Last week's disclosure that a mass grave with the remains of 215 children was found at the Kamloops Indian Residential School has been a difficult reminder of the importance of the ongoing work to educate myself and my kids about racism against Indigenous people in Canada.
I thought I knew the overall history of the residential school system and how children were forcibly removed from their homes to attend these schools with the sole purpose of eradicating their culture and language.
I thought I knew about the horrific physical and sexual abuse that these children faced from the Catholic priests and nuns operating the schools.
But I'm sad to admit that I did not know that many of these schools had mortality rates as high as 60%. I did not realize that these schools frequently didn't even inform families when their child had died. I did not know that children were buried in unmarked, mass graves.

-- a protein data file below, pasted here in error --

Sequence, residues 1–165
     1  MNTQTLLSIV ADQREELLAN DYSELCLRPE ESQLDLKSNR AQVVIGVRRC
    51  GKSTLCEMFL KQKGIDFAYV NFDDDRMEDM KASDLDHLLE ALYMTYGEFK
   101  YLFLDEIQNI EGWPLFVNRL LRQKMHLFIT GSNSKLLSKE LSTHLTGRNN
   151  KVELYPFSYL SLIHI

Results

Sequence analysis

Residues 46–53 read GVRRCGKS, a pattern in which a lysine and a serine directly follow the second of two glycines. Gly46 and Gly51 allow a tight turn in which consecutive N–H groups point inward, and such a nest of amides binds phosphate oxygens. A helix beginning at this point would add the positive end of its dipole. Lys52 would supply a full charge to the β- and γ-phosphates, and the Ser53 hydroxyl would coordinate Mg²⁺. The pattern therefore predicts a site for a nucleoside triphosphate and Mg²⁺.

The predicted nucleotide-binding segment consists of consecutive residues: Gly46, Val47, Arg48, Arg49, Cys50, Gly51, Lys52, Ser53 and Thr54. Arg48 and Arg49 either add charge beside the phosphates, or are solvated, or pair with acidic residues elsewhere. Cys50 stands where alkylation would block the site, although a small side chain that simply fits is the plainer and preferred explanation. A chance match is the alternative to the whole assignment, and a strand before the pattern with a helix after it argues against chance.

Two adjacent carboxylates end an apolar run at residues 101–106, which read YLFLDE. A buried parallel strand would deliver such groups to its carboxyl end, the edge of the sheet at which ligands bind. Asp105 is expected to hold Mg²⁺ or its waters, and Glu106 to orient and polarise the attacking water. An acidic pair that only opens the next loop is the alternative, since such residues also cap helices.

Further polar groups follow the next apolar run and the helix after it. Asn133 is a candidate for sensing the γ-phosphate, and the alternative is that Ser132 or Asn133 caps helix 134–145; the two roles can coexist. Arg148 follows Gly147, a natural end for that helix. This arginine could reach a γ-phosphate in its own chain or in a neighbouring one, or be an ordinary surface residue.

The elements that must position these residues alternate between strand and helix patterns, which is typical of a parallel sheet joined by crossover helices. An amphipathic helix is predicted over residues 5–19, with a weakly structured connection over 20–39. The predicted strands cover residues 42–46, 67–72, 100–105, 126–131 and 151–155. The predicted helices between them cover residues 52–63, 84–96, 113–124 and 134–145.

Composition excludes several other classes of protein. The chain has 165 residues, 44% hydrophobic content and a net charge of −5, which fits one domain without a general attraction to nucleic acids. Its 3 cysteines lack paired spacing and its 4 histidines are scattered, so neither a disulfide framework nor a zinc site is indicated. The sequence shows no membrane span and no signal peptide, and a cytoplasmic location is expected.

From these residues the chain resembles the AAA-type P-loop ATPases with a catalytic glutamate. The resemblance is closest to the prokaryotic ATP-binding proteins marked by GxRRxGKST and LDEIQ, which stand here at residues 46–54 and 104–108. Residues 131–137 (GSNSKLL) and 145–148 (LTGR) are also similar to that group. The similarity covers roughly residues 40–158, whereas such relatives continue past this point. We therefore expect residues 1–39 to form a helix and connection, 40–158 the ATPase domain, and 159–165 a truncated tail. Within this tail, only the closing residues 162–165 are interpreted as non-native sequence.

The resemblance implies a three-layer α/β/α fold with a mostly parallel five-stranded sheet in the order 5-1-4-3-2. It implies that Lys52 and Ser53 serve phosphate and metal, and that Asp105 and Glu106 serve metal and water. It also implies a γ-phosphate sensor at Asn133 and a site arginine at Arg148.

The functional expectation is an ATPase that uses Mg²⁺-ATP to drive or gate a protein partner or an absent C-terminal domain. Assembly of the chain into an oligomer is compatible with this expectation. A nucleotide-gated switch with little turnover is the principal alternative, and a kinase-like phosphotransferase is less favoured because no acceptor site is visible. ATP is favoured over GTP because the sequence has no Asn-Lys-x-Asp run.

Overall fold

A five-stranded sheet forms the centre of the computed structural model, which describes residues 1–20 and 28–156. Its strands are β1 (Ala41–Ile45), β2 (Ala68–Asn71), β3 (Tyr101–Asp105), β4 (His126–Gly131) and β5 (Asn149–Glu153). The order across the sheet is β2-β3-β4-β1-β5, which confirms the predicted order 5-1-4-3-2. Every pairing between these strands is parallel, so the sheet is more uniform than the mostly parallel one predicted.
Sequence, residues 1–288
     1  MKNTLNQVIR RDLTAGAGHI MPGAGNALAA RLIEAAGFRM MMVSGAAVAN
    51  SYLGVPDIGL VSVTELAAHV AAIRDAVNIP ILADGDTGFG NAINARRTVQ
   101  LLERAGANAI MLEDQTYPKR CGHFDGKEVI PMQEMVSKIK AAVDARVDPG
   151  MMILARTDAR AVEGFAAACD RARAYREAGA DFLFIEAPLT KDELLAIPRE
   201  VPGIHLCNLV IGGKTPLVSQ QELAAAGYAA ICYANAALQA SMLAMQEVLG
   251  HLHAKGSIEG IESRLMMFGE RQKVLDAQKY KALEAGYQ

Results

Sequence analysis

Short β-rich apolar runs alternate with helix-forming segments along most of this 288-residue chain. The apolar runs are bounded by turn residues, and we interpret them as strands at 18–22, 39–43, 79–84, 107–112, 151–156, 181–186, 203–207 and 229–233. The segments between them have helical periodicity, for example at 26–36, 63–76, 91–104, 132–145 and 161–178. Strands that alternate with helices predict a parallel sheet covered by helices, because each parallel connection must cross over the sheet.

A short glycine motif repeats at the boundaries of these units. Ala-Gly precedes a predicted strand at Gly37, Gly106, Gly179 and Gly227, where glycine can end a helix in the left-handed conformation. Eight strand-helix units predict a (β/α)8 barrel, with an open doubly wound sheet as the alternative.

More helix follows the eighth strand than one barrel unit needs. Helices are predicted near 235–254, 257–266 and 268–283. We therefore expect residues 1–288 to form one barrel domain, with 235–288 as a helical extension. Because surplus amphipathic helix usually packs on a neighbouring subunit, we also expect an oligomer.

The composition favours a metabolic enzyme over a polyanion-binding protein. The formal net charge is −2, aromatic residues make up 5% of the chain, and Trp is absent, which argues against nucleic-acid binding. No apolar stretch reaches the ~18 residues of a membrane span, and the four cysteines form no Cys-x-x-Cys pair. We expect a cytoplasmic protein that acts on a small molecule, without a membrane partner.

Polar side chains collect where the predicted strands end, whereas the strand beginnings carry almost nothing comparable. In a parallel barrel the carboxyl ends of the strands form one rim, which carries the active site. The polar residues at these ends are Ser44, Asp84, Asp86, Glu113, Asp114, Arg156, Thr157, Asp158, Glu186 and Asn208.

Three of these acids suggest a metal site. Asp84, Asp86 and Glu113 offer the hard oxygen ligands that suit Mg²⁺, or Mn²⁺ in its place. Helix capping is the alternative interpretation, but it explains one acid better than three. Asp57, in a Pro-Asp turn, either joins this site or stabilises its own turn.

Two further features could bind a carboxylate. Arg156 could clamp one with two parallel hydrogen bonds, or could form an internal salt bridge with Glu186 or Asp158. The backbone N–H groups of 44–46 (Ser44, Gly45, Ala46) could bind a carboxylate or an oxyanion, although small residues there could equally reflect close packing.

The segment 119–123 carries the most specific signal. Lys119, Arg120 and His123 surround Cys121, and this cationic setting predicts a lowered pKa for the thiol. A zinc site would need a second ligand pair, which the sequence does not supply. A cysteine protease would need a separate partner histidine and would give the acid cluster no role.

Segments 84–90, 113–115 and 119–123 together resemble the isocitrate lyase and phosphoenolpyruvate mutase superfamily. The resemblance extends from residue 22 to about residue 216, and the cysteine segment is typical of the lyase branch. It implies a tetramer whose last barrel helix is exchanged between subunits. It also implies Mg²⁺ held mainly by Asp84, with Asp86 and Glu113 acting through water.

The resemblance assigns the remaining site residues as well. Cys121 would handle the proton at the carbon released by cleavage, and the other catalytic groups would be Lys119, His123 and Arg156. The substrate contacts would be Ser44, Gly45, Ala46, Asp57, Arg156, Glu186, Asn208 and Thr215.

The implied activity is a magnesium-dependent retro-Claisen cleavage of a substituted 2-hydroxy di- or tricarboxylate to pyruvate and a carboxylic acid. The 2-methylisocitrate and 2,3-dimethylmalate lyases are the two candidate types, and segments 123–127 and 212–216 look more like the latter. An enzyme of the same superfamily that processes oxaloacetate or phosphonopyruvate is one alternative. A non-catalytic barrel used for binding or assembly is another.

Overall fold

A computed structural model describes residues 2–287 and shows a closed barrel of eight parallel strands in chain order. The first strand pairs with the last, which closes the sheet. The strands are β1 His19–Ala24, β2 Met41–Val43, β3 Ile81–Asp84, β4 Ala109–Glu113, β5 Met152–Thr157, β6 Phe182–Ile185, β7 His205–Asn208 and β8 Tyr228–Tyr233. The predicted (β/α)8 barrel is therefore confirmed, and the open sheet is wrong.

All weekend I've been thinking about Indigenous families and the pain they are feeling. We can't pretend that the impacts of the residential school system are "in the past" or "part of Canada's history" because the generational trauma is current, ongoing and acute.
What can you do?
➡️ Donate to organizations like the Indian Residential School Survivors Society who provide grief and loss counseling and crisis services to survivors (www.irsss.ca).
➡️ Seek out the real stories of Indigenous people who survived residential schools.
➡️ Educate yourself by reading the reports by the Truth and Reconciliation Commission of Canada (nctr.ca/records/reports/).
➡️ Buy books written about residential schools by Indigenous authors to read with your children.
➡️ Participate in Orange Shirt Day on September 30 (https://www.orangeshirtday.org/).
I'd love to hear your other ideas and suggestions. How are you taking action?
Join our mailing list to receive the latest news and updates from our team.
Don't worry, your information will not be shared.